It might be hard to believe but the Christmas festivities can leave you open to allergic reactions and make you seriously ill.
Fir tress, scented candles and dust can leave you tight chested, short of breath and itchy but they could also lead to more serious problems.
Here, Dr Alexandra Phelan from online chemist Pharmacy2U explains the triggers that could set you off.
Your Christmas tree
Most of us associate hay fever with the summer but it can be set off by the sticky sap released by real Christmas trees and spark allergic reactions. As a precaution you should spray your tree with water before bringing it indoors, wear thick gardening gloves and cover any bare skin when handling the tree. Consider putting up an artificial tree if your symptoms are bad.
For anyone with rhinitis, dust allergies or asthma coming into contact with a dusty tree or decorations can set off symptoms. Make sure you store your tree in a box and get someone without an allergy to get it down from the loft for you. If handling it yourself make sure you wear a dust mask and give the tree a good hose down.
We all like to make our houses warm and cosy during winter. However, the perfume in scented candles can aggravate you, especially when burnt in small spaces. If you have perfume or other allergies use non-scented candles or get the fairy lights out instead.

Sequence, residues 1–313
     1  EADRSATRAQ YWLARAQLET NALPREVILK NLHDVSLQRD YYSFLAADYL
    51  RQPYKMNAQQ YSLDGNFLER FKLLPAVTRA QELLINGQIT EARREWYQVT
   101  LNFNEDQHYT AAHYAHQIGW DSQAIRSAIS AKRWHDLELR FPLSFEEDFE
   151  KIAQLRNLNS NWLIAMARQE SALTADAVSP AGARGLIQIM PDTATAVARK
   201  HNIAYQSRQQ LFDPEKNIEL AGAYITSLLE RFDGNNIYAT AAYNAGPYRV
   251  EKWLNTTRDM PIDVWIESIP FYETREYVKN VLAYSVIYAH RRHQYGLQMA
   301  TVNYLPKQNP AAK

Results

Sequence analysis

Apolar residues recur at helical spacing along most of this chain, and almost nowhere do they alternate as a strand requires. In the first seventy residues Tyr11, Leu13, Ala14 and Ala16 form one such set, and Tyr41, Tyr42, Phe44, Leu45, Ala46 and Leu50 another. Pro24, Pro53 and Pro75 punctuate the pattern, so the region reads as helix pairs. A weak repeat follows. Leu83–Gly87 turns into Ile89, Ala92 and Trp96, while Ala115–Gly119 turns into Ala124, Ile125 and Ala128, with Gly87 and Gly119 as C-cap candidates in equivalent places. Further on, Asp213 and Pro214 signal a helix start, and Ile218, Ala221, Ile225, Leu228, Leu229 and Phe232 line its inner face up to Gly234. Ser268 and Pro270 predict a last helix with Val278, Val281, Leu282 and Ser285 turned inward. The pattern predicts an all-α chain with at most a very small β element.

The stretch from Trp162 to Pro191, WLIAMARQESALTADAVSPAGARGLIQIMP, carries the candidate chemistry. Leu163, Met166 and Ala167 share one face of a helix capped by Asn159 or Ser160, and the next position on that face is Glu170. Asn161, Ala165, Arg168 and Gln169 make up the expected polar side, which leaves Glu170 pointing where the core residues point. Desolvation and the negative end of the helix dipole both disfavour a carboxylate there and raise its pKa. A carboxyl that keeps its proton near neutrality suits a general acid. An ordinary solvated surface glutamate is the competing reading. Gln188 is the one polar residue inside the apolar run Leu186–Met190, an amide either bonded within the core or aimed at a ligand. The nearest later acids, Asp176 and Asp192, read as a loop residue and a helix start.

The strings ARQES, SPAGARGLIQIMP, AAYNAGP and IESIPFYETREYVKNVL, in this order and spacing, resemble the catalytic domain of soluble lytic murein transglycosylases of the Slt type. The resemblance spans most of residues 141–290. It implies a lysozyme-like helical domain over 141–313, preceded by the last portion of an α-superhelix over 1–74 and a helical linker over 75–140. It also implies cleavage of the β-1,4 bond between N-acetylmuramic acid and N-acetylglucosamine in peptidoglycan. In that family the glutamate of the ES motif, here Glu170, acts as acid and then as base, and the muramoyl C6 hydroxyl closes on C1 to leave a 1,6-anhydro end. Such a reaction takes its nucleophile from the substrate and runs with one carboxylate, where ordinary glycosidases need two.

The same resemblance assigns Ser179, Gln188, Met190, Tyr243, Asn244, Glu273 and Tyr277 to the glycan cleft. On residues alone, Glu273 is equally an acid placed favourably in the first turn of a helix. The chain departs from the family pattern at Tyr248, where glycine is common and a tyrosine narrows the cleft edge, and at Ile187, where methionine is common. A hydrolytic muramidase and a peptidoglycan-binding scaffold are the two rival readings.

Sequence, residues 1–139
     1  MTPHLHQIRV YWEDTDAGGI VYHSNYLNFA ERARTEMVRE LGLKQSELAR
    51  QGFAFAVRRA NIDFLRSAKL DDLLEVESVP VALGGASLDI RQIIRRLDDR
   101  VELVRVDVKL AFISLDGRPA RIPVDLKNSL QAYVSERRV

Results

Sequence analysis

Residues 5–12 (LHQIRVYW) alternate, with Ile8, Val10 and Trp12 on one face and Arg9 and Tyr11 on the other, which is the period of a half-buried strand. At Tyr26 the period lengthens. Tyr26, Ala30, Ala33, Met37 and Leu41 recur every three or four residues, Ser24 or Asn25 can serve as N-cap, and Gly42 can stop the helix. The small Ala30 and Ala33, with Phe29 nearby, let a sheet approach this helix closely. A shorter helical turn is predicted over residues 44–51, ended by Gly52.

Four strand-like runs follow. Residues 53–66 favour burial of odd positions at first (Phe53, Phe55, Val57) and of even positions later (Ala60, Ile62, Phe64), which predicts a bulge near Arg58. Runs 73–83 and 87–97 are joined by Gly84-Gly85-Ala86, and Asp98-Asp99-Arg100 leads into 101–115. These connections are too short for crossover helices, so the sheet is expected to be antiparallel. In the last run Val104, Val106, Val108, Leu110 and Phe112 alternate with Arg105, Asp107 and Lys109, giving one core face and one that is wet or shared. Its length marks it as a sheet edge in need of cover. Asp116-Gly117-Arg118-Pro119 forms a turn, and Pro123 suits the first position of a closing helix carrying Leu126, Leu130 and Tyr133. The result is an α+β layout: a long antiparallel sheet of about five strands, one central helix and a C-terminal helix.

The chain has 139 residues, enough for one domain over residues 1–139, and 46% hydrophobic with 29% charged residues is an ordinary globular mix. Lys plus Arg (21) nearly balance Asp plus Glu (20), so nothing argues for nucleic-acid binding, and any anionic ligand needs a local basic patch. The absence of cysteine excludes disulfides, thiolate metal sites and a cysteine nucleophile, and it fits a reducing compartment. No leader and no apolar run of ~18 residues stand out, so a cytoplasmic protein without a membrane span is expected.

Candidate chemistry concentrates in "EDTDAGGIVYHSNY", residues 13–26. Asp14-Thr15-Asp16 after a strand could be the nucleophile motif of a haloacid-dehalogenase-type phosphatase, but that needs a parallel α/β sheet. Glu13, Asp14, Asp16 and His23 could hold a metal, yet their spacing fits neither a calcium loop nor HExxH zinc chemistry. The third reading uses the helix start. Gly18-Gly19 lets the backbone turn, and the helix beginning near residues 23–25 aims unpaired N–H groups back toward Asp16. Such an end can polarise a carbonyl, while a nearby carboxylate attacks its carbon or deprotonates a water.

Food allergies and intolerances are on the rise; according to Allergy UK, each year the number of allergy suffers increases by 5% - with half of those being children.
Food allergies can come on quickly and can induce sickness or a severe reaction called anaphylaxis. Ask your guests if they have any allergies - avoid cross contamination of food and have a stock of 'free-from' foods in just in case.
Pop allergies in the bud
6% of the population now have an allergy to latex rubber. Health care workers and those who have had lots of surgery are more likely to have a latex allergy. It is found in poinsettias, the red plants that people bring into their homes during the festive season.
If you know someone who has a latex allergy keep this plant out of your house.
What does an allergic reaction look like?
Allergic reactions can happen quickly; within a few minutes of being exposed to an allergen. Mild symptoms include sneezing, itching, rash, tight chest, watery eyes and nose and worsening of asthma or eczema. These symptoms should be treated with antihistamines and by removing the allergen around you.
If the symptoms do not settle using this method medical advice should be sought. A severe allergic reaction is called anaphylactic shock and is characterised by struggling to breathe, sickness, severe swelling and unconsciousness. If someone starts having these symptoms ring 999 immediately - and if they have an epi-pen use it on them.